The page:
Overall, I liked this book. By the time I finished it, I had decided that Wurtzel was angered by the way women were treated and that she supported the feminism movement. However, there were moments when I was reading the book that I felt like maybe she was actually against women and was railing against the sex. She talks about women using their sexuality to get ahead in a way that seems almost misogynistic at times. However, in the long run she usually reached the conclusion that the women who behaved that way had done so because of the rigged system. She also does a really great job of pointing out the injustices of the way that female victims like Amy Fisher and Nicole Brown Simpson are treated by the media and society. I ended up liking the book, but I did feel as thought the thesis was often murky and that sometimes I couldn't tell whether Wurtzel was coming or going.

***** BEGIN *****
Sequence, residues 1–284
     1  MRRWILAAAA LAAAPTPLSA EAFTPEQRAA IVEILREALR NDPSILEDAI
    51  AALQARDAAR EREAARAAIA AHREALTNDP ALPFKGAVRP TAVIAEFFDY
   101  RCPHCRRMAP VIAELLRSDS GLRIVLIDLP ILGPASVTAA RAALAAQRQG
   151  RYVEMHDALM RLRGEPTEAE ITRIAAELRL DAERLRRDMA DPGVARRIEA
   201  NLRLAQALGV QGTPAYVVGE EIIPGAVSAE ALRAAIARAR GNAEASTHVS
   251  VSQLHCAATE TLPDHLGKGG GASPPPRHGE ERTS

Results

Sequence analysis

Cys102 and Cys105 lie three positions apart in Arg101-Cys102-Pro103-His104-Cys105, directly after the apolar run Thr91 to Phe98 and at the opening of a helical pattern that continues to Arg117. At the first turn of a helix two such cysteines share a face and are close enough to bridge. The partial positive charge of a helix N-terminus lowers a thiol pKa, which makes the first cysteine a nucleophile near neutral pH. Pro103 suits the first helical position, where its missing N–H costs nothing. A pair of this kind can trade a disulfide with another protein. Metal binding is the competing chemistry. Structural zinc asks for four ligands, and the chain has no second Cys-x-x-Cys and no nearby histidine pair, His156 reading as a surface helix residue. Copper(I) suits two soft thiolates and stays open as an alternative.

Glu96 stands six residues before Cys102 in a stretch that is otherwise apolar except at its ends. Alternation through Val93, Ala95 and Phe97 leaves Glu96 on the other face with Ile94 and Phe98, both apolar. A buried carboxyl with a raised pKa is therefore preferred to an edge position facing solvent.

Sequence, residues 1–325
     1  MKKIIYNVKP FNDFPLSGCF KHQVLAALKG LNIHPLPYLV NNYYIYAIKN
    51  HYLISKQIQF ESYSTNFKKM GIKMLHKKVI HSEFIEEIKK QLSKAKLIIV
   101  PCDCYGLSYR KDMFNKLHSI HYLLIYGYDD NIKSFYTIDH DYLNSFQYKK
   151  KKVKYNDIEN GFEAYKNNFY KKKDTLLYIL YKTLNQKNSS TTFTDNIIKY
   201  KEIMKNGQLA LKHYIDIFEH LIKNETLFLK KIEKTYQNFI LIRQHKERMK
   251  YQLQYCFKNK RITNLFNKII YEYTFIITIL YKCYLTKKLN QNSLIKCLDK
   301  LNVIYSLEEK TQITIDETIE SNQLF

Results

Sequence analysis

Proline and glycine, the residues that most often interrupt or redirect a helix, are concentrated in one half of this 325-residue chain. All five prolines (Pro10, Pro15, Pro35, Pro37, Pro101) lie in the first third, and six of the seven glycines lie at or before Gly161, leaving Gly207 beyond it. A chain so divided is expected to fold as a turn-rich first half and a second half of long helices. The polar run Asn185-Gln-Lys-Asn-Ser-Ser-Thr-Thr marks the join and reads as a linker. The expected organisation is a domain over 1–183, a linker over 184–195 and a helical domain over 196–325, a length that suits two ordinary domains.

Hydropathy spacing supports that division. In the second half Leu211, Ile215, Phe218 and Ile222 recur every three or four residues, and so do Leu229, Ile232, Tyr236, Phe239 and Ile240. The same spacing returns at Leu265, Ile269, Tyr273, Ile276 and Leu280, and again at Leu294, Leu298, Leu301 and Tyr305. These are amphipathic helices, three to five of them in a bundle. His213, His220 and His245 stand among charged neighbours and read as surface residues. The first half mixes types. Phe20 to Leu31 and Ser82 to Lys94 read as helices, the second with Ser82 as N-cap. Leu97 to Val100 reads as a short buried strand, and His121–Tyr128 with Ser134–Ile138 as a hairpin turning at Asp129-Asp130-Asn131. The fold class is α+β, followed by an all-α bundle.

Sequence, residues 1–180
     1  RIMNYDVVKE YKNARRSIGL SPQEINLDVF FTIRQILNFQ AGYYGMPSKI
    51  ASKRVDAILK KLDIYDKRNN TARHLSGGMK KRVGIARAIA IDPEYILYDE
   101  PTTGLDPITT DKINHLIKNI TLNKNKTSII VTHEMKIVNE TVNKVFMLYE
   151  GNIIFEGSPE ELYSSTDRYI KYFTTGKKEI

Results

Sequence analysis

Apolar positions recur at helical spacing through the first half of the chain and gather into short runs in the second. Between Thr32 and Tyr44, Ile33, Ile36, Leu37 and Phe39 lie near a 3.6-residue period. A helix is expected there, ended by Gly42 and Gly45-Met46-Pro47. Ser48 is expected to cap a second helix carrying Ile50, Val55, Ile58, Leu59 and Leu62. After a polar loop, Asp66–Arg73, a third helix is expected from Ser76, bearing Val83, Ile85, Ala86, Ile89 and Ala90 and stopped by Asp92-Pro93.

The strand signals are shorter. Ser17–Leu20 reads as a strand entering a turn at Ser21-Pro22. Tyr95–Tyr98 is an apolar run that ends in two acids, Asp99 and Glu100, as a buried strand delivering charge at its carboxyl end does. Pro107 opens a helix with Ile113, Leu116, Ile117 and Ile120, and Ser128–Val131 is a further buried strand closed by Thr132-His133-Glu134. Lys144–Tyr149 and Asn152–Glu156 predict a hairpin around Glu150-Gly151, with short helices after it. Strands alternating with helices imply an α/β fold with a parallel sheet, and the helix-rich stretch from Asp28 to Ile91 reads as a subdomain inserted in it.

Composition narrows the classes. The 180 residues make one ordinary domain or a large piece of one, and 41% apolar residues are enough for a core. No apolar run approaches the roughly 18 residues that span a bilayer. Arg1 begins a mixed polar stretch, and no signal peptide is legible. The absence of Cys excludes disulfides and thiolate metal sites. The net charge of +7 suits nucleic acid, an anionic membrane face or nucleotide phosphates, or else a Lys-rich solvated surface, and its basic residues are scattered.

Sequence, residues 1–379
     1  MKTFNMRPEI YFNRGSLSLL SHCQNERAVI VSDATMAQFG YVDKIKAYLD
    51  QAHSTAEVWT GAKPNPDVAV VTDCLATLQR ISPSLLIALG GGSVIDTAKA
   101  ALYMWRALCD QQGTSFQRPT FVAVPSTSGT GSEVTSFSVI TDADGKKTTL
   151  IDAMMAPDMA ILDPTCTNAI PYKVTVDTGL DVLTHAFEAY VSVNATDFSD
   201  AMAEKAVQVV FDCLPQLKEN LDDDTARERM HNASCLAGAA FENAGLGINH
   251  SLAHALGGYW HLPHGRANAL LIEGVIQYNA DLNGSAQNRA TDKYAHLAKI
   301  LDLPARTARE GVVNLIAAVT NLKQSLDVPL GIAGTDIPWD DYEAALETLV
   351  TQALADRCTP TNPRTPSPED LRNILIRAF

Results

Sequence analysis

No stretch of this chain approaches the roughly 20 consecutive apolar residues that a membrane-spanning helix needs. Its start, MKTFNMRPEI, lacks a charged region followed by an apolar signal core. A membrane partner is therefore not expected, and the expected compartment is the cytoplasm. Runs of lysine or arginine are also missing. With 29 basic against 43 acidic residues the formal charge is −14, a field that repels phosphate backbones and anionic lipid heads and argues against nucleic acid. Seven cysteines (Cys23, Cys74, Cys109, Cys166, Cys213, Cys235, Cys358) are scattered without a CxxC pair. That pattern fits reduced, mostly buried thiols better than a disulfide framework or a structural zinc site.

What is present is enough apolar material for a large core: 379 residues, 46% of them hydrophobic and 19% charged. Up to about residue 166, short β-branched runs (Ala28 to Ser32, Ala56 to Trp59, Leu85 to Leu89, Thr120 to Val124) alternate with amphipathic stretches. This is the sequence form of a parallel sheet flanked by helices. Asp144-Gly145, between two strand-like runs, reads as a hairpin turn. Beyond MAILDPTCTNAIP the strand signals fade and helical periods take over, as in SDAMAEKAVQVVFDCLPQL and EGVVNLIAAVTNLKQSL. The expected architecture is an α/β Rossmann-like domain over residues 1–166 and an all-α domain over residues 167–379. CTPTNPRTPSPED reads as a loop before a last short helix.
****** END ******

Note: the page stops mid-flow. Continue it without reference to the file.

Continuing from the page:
In an entertaining feminist manifesto, the author of Prozac Nation explores the history of famous and infamous manipulative women and describes the motivations for and implications of their behavior. Reprint.